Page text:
Thursday afternoon, Iowa Senator Chuck Grassley sent a letter to U.S. Immigration and Customs Enforcement Acting Director John Sandweg expressing concerns about the abuse of the EB-5 visa program, specifically warning loopholes could allow Iranian terrorist operatives to infiltrate the United States. Grassley's inquiry came in response to an ICE memo raising the same concern.
"One section of the memo outlines 'concerns that this particular visa program [EB-5] may be abused by Iranian operative to infiltrate the United States...' Two of the operatives allegedly "facilitate terrorism and are involved in an illegal procurement network that exports items to Iran for use by 'secret' Iranian government agencies," Grassley wrote. "According to the memo, one of the operatives acted asa representative in the U.S. for an Iranian company allegedly run by an individual associated with Iran's Islamic Revolutionary Guard Corps."
The EB-5 program was created in 1990 as a way to stimulate the economy through foreign investors.
Earlier this year, Iranian-American Manssor Arbabsiar was sentenced for plotting with Iranian officials and Mexican drug cartel members to kill the Saudi Ambassador to the United States. The plan was to bomb a Washington D.C. restaurant where the Ambassador regularly ate. At the time Arbabsiar was arrested, he was in possession of both an Iranian and U.S. passport and is a naturalized U.S. citizen. As a reminder, Iran serves as the state sponsor for the world's largest terror organization Hezbollah, which is rapidly growing in Latin America.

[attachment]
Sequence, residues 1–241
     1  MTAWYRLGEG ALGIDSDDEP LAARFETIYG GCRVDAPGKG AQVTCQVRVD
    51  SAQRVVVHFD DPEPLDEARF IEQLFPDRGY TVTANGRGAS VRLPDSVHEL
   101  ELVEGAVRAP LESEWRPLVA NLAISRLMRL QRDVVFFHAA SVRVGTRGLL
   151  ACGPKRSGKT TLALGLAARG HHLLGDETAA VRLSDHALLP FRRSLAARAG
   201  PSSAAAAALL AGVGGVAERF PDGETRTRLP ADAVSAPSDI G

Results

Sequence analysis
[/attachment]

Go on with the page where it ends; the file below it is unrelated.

According to ICE, the EB-5 visa program has a number of vulnerabilities including:
1) Export of sensitive technology/economic espionage;
2) Use by foreign government agents/espionage;
3) Use by terrorists;
4) Investment fraud by regional center;
5) Investment fraud by investors;
6) Fraud conspiracies by investors and regional center; and
7) Illicit finance/money laundering.
In addition, it seems immigrants who obtain EB-5 visas are not closely tracked once they enter the United States.
"It is important that Congress have statistics on what happens after individuals enter the U.S. on an EB-5 visa," Grassley wrote. "Foreign investors who participate in the EB-5 program may receive conditional permanent residence for a two-year period. However, it seems unlikely that they are ever removed from the country even if the conditions of their conditional status are not met because the required jobs weren’t created within the required period."
Grassley has requested ICE submit recommendations and data about how to close these loopholes by January 1, 2014.